Fly fishing brings military veterans to Flower Garden Banks National Marine Sanctuary
By Leslie Whaylen Clift
On a calm, early Sunday morning in August, four boats headed out of Galveston Yacht Club’s marina. Onboard, eight U.S. military veterans prepared for the two and a half hour transit into the Gulf of Mexico. Fishing rods were stowed, bean bags stationed at the boats’ sterns for the passengers’ riding comfort, and rays from the sunrise beckoned all eastward. These anglers would soon be fishing in Flower Garden Banks National Marine Sanctuary. Some of them would be fly fishing using fly rods they built themselves.
Three months prior, Mike Purcell from Project Healing Waters Fly Fishing, Inc. attended a Flower Garden Banks National Marine Sanctuary Advisory Council meeting. Project Healing Waters uses fly fishing as one way to physically and emotionally rehabilitate disabled military service personnel and veterans. During the meeting, Purcell and advisory council members hatched an idea for a “Vet Into Your Sanctuary” event to correspond with the NOAA Office of National Marine Sanctuaries Get Into Your Sanctuary campaign. From sea to shining sea, throughout the National Marine Sanctuary System, sites would be hosting special activities during the weekend of August 2-4, in order to raise awareness about the value of these iconic destinations. Before the meeting’s end, advisory council members Scott Hickman and Buddy Guindon (both veterans themselves) volunteered their time as captains on their fishing boats.
Over the next two months, Sepp Haukebo of Environmental Defense Fund and the Sanctuary Advisory Council worked with Galveston Professional Boatman’s Association to secure two additional boats and captains. Flower Garden Banks National Marine Sanctuary collaborated with the National Marine Sanctuary Foundation and local fishing charter captains and tackle shops to cover all aspects of the fishing trip – from overnight accommodations to the tackle used.
Meanwhile, Project Healing Waters identified anglers from their Houston-area program to participate. The organization hosted several fly tying sessions and two rod-building competitions. Although most veterans built smaller, light-weight fly rods that are used for catching trout in cold, fresh waters, some veterans built larger rods designed for ocean use. These stronger rods would be the ones tested in the sanctuary’s waters.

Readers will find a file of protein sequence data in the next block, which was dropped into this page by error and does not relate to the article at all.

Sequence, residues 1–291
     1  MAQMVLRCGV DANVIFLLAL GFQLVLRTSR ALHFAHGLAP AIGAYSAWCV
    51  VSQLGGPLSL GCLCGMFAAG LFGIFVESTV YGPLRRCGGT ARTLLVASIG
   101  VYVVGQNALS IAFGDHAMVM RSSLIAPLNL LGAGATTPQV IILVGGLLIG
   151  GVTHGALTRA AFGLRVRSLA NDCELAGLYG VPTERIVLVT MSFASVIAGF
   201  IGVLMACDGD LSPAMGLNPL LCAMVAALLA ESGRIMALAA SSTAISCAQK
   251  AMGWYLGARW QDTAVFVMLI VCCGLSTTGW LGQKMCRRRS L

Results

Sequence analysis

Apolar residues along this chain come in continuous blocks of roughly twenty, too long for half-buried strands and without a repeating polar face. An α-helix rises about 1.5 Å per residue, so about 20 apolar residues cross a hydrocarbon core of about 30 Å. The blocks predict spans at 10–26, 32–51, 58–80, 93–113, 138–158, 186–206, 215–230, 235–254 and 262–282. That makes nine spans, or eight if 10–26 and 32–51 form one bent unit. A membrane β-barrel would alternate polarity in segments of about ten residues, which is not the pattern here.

Before daylight on August 4, the group gathered at the marina. A guide was assigned to each of the four fishing vessels to provide information throughout the day about Flower Garden Banks National Marine Sanctuary and the National Marine Sanctuary System. Joining the veterans were John Armor, director of NOAA’s Office of National Marine Sanctuaries; James MacMillan, research specialist at Flower Garden Banks National Marine Sanctuary; and advisory council members Scott Hickman, Buddy Guindon, Jake Emmert, and Sepp Haukebo. Each vessel had a captain and a deckhand, two U.S. veterans, and one volunteer from Project Healing Waters. And off they went!
Once at Stetson Bank, the rods and flies were quickly put to use. Two veterans had never caught a fish on a fly rod before, but this soon changed. Big fish began hitting their fly ties, including barracuda, gray snapper, red snapper, king mackerel, greater amberjack, and ling. One veteran remarked, “I’ve never had a fish on the reel before.” Another noted, “This is the first time I’ve ever been in the backing.” The end of the line on an angler’s reel is called the backing; when the line is extended all the way by a big, feisty fish, an angler is “in the backing.”
Activities such as fishing and boating are not only fun, but can also be an impactful experience. A day on the water with a fishing rod in hand can provide veterans and others with a personal connection to the ocean that can develop into life-long appreciation and continued stewardship of America’s underwater parks.
Anglers were also educated on barotrauma, a condition caused when fish are brought up from depth too quickly. Barotrauma can make it hard for fish to swim and can cause swelling of their organs. All members in the Galveston Professional Boatman's Association have signed a commitment to carry and use descending devices on their boats. Descending devices help return fish to the depth—and pressure—where they were caught. Fish not kept for consumption during the fishing trip were released using descending devices.
After a hot day in the sun, all boats returned safely to the marina’s dock in the early evening hours. Everyone was exhausted, but smiling.
Because of its remote location, visiting Flower Garden Banks National Marine Sanctuary can be logistically difficult and cost-prohibitive. This event afforded veterans the opportunity to visit the sanctuary, learn more about the National Marine Sanctuary System, and interact with commercial and recreational fishers. Fishing with sanctuary visitors and getting to know them and their interests was also a positive way for sanctuary staff to establish a good rapport with interested members of our community. A total of 22 participants enjoyed an educational and fun fishing day.
At the Sanctuary Advisory Council meeting on September 4, Project Healing Waters’ Mike Purcell and David Headley thanked everyone who was involved with the event. The pair also presented the sanctuary with a shadow-box plaque containing flies made by the veterans and used on the day of the Vet Into Your Sanctuary event. “Words really can’t express our gratitude for including our Project Healing Waters program in the Vet Into Your Sanctuary experience,” said Mike Purcell. “It was truly an amazing day that we will cherish and remember forever. May you always have fair winds and following seas.”
Leslie Whaylen Clift is the advisory council coordinator for Flower Garden Banks National Marine Sanctuary.